I’ve just returned from the Association of Golf Writers Home International matches at The Belfry, the consequences of which can be explained by this simple formula:
24 golf journalists + superb weather + excellent golf courses – copy deadlines = 48 tired legs + a rather hefty bar bill
Each year six golf writers from England, Scotland, Wales and Ireland meet to battle for the prestigious Home Internationals title. This was the second time I’ve been fortunate enough to be selected to represent Scotland.
The venue for this year’s contest was The Belfry where we played a round on the PGA National course and two rounds on the famous Brabazon course – site of four Ryder Cup matches and numerous great golfing moments: Christie O’Connor Jnr’s 2-iron to the last, McGinley’s leap, Sam’s lofted arms, Seve driving the 10th etc…
The 10th very nearly witnessed another historic golfing moment during our first match against the Irish. Paul Gallagher from the Irish Times fired a majestic shot over the water into the narrow target that ended just three inches from the cup. Apparently there has never been a hole-in-one at the 10th through the Brabazon’s 30-year history. I doubt anyone has come much closer to breaking the duck.
It was a great shot and a kick in the teeth for my partner Mike Aitken and me. We’d battled hard to reduce our deficit to just one at the turn (the matches are played to the greensomes format by the way) but Gallagher’s “wunder-shot” was a harsh blow and one we didn’t recover from. We lost 2&1 and Ireland won the match by 2-1. In the other contest, Wales proved too strong for England taking their match by 3-0.
It was a similar story for the Scots on day two as Matt Lindsay and I were unable to deal with the relentless par making of Welsh pairing John Hopkins and Simon Curle. Scotland once again lost the match by 2-1.
Simon is so good out of fairway bunkers that Matt and I wondered if Hoppy was actually aiming for them at one point. Twice during our match, and once the day before apparently, Simon blasted out of sand more than 150 yards from the green and ended just feet from the cup. Matt and I had sore teeth by the end of the match from the number of times we’d clenched them to say, “good shot.”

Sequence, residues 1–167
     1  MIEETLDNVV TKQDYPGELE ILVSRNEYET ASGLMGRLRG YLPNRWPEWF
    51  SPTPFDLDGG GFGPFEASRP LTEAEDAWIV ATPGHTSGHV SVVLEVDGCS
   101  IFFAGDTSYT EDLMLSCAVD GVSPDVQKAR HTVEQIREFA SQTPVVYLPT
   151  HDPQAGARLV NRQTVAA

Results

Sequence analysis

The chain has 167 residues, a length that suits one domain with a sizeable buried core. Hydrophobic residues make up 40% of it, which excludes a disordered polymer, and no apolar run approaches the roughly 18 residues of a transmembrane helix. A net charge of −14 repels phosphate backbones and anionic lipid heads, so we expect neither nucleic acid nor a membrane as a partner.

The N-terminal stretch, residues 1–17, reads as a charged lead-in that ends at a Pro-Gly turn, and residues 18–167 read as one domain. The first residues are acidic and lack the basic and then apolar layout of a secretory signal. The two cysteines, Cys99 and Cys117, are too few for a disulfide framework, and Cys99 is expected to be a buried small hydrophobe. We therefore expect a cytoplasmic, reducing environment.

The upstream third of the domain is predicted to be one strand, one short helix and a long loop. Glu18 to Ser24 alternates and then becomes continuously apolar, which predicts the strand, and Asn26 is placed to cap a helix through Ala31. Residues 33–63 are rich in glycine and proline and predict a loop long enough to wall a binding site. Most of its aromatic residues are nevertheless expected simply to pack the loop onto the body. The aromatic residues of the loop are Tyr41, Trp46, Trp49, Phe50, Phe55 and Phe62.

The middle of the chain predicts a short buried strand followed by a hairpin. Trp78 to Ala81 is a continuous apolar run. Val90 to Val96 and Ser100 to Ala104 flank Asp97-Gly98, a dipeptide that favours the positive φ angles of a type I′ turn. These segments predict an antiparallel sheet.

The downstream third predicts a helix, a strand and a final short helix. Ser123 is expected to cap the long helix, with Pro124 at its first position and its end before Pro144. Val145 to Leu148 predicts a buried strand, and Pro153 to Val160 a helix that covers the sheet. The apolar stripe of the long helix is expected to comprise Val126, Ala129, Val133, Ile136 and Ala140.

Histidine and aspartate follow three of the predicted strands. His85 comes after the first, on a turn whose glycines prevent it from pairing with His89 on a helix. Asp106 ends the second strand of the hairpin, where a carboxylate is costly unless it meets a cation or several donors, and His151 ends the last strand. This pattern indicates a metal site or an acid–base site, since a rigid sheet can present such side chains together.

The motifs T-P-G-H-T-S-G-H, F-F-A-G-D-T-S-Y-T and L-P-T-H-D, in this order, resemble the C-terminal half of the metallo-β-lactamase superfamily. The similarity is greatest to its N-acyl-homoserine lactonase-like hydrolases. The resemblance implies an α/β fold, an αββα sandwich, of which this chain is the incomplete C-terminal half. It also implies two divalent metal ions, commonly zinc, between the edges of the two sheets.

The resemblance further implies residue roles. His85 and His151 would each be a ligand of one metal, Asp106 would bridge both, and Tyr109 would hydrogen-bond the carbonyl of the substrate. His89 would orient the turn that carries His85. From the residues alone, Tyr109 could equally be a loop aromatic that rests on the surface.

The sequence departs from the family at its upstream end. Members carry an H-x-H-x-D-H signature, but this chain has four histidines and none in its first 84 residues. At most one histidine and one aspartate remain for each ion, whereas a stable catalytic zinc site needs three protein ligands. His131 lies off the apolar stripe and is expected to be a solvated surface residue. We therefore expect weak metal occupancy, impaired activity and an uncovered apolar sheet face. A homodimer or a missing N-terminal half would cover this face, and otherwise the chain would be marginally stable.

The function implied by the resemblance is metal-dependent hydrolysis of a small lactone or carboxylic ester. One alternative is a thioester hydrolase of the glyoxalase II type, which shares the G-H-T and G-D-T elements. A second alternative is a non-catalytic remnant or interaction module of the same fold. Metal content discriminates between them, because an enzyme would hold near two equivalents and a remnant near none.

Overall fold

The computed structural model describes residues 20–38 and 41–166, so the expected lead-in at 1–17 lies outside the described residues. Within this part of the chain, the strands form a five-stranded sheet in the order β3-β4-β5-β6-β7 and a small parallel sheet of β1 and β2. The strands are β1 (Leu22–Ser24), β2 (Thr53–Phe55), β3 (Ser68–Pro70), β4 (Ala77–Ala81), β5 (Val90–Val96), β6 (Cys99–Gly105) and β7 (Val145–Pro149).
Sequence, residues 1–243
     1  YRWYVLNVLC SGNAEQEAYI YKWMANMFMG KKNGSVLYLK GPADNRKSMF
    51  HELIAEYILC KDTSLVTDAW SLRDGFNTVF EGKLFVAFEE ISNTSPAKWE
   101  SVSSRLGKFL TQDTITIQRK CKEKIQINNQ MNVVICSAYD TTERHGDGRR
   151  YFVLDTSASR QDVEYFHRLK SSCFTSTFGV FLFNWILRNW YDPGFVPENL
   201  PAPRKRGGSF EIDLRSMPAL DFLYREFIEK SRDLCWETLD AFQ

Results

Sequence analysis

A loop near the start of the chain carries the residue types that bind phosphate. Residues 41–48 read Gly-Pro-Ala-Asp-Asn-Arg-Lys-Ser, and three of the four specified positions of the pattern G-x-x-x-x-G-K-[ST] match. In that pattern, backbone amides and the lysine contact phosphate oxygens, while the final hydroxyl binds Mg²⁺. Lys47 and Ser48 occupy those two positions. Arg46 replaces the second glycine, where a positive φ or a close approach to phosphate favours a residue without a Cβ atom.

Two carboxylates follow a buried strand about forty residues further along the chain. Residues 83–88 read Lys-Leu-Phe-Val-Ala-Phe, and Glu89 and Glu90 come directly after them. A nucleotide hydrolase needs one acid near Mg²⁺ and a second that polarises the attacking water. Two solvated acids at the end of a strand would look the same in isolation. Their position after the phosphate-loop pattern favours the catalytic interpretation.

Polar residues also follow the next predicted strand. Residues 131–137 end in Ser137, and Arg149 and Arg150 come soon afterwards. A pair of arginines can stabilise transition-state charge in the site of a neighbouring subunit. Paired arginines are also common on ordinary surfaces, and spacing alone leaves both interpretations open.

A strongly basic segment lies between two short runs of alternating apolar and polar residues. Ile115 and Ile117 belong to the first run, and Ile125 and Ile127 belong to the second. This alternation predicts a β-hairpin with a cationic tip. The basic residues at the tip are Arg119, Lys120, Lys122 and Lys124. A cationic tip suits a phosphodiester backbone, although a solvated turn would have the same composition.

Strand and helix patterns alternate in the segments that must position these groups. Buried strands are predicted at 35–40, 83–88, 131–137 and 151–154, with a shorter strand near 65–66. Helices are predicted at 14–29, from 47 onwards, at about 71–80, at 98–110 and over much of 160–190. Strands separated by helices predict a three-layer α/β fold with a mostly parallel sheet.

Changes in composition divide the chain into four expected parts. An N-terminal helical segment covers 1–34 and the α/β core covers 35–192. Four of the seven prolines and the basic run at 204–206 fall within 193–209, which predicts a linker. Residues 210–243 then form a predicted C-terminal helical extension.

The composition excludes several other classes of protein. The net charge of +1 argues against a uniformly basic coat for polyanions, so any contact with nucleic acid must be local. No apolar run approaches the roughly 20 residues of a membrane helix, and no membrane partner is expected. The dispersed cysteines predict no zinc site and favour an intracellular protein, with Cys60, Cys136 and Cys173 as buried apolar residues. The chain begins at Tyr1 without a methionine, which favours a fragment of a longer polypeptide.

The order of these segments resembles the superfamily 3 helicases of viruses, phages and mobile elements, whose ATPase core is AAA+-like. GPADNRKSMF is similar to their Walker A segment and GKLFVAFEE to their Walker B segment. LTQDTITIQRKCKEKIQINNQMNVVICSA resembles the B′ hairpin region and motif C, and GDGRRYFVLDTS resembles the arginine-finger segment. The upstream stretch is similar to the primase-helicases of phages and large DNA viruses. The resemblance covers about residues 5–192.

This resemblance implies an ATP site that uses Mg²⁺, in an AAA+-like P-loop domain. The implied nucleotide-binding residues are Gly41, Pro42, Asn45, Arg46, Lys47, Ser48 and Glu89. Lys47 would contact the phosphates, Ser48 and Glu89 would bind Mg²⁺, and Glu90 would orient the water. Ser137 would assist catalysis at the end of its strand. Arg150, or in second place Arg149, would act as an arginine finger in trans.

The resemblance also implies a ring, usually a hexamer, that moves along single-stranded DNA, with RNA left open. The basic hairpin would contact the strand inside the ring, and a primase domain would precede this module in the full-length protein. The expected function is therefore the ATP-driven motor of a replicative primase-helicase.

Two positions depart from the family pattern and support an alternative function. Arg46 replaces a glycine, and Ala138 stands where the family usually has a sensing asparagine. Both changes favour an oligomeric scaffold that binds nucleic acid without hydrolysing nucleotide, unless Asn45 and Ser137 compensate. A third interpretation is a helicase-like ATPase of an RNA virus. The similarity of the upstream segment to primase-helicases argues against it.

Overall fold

Ireland saw off the English so the final day witnessed the title decider between Ireland and Wales and, the far more important, wooden spoon decider between the Scots and the “Auld Enemy.”
After a night spent enjoying the wonderful food on offer in The Belfry’s character-filled “French Restaurant” and, afterwards, the wonderful booze on offer in The Belfry’s well-stocked bar. The scene on the 1st tee the next morning at 8am was not a pretty one – think general dishevelment and confusion.
Nick Rodger and I were off first and things didn’t start brilliantly. We had to use his skied drive as mine ended stymied behind a tree, I then topped the second, he hooked it into a water hazard that doesn’t even appear on the yardage chart then, after I’d dropped and thinned a pitch over the green, we decided to concede.
Thankfully our opponents Jim Mossop and Tony Stenson were in generous mood and began a tour of the Brabazon’s attractive water features in order to give us a chance. Unfortunately, Jim and Tony became so caught up in their aquatic explorations that Nick and I were able to sneak our way to victory while they were distracted by the reeds and lilies.
We managed a 2-1 win over England to avoid the wooden spoon while the Welsh took the title with a narrow, last-hole, victory over Ireland. Well played boys.
A word must be said on the immaculate condition of the courses we played at The Belfry. The greens were simply awesome, lightning-fast on both tracks, though slightly firmer on the PGA National reflecting their successful efforts to give the course links-like playing characteristics.
The Belfry has worked hard in recent seasons to produce and present quality courses that provide visitors with value for money. I certainly haven’t seen a course turned out better than the Brabazon for quite some time.
It’s a fantastic “play and stay” venue and we enjoyed a wonderful couple of days. Although it’s competitive to a point, the main purpose of the AGW Home Internationals (just like all social golf trips) is to enjoy the camaraderie, the jokes and the stories. The Belfry was the perfect place to do just that.